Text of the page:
‘If we told the folks back home we were drinking WINE they’d be horrified!’
‘Really?’ I asked, astonished. ‘Why on earth is that?’
‘All as anyone drinks back home with their dinner is milk! They think we’re strange enough as it is for wanting to honeymoon in Europe!’ She said Europe as if it were the equivalent of taking a holiday on Mars. There was a distinct scent of fear that clung to the air around her that her friends would shun her if she ever revealed the truth of what they had participated in on their travels.
With my suspicions about the unglobal mindset of all Americans confirmed by a statistical polling of two, that left few good things to say about the country. As far as I was concerned it was a miracle they’d managed to produce something as brilliant as the TV series The Addams Family which was equalled only by their ability to send man to the moon. They may have helped save Europe in WWII but they’d sure made an apocalypse of Vietnam and it was only that ‘sending man to the moon’ business that saved their arses in the global opinion polls. I remember very precisely the day Neil Armstrong took the Giant leap for Mankind. It might have been Sunday July 20th 1969 in the States but in Melbourne it was a Monday morning, 10.19am 21st of July to be precise. It wasn’t until my dad came home from work, ordered a stiff scotch from my mother and announced, ‘Those bloody Yanks have finally done it! They walked on the moon today!’ that I knew something special had happened. My dad turned on and tuned in the old black & white TV. as I lay on the Raffia matting that covered our living room floor and my mother took up her seat in her Addams Family chair and speculatively lit a cigarette. There on the six o’clock news that most households religiously watched, was the first crackly and static filled images of Neil Armstrong as he leaped stiffly onto the dusty surface of the moon and spoke those immortal words. At school the next day it was all anyone could talk about. No longer could we say things like ‘I’ll eat my broccoli when men walk on the moon’. I was in grade 1 and what I most remember was that all the other little kids’ eyes were like saucers. Our teacher procured a television set and we watched the replay on the morning news and speculated in hushed and amazed tones about whether we thought we’d be going to live on the moon and that maybe the next year we’d get to meet some Martians because surely it wouldn’t be too long before those astronauts went there too, because clearly those Yanks were capable of anything now!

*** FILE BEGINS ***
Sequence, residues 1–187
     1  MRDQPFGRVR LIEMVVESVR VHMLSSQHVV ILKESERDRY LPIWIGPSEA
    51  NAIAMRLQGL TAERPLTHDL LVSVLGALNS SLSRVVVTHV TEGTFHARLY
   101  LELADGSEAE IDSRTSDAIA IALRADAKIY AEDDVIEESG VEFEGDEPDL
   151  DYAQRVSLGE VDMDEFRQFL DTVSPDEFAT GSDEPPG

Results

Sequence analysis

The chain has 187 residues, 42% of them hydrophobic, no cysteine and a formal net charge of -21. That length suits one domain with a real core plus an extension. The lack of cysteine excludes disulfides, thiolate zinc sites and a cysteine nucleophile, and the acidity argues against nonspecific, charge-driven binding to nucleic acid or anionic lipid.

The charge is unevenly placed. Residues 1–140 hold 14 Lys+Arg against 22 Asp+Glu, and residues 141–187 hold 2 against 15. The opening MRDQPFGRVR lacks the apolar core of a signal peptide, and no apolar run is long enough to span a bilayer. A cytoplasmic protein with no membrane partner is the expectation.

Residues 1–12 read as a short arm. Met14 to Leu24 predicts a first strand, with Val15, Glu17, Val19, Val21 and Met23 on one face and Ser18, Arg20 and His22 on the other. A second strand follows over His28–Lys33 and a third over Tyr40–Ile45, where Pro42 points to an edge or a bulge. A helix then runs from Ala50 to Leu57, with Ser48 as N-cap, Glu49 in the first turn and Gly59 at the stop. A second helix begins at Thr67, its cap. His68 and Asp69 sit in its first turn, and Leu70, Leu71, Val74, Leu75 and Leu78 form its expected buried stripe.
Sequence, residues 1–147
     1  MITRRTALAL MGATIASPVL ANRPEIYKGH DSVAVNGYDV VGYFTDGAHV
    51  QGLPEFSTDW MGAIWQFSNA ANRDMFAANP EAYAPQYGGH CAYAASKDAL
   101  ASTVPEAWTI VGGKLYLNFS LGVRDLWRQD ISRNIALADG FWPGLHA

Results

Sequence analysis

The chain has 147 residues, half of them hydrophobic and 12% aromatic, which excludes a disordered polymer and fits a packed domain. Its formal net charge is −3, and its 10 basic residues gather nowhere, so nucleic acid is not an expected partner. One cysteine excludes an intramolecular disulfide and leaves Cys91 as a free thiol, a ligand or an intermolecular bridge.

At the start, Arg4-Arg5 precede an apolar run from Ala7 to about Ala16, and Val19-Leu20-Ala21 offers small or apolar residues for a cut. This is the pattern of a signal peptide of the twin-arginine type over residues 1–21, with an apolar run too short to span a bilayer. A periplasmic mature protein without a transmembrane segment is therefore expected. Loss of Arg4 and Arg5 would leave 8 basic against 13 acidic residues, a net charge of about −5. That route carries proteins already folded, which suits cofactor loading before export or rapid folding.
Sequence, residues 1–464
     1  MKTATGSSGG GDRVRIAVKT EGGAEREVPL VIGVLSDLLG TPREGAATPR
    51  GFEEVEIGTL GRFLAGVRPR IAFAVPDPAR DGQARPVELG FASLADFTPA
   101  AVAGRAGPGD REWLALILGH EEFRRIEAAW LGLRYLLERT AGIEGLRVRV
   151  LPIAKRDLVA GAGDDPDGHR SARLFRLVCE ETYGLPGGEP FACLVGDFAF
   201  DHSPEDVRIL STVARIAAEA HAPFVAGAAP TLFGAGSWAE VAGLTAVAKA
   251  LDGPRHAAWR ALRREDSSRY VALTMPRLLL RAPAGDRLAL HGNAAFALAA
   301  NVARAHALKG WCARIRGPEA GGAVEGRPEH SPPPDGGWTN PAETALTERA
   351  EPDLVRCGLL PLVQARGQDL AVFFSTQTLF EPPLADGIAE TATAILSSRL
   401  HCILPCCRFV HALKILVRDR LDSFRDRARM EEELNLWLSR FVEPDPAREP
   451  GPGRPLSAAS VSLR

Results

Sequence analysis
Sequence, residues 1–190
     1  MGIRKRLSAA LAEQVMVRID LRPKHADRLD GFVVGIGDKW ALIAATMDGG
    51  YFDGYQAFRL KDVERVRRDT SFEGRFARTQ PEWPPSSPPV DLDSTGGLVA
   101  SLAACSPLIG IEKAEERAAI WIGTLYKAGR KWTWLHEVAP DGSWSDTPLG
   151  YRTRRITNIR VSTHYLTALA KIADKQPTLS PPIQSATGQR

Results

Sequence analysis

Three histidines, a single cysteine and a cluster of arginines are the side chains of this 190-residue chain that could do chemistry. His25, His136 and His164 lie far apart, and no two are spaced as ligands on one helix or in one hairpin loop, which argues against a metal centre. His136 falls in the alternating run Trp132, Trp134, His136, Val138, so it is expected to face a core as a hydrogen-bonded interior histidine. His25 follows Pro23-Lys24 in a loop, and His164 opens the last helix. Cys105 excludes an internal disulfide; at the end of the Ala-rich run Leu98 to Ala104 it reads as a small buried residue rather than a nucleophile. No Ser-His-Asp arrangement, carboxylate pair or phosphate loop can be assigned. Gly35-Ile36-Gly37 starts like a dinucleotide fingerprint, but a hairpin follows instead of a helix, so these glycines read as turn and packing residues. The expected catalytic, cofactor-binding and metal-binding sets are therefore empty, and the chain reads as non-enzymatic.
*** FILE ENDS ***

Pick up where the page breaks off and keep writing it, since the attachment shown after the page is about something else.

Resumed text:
|My mum in her Addams Family chair|
Anyways, when Occy(R) and I decided to travel to the States in 2007 to further his medical education, I was a rather reluctant traveller – I could think of 50 other places I’d rather be exploring, but I supposed if I had to go I’d suffer it. We started in Las Vegas and the people were certainly eccentric but friendly, the Grand Canyon amazing and the shows great. Okay, off to a reasonable start. Next was a pit stop for a week in New York. Apart from a love for the Chrysler building that I’d acquired in first year architecture, I was sure I was going to hate it – I now want to move there! That city in the summer completely seduced me! The ‘Guggi’ (Guggenheim museum from whence my name was extrapolated by Occy – he expanded it to Guggilaba, then re-shortened it to Guggi) now sits alongside the Louisiana Art Gallery by the sea on the outskirts of Copenhagen as some of my most favourite buildings and places of pilgrimage in the world. Sometimes I just long to be back there and when I do return it is always with a sigh of homecoming relief.
|Occys shot of the classic Guggi interior|
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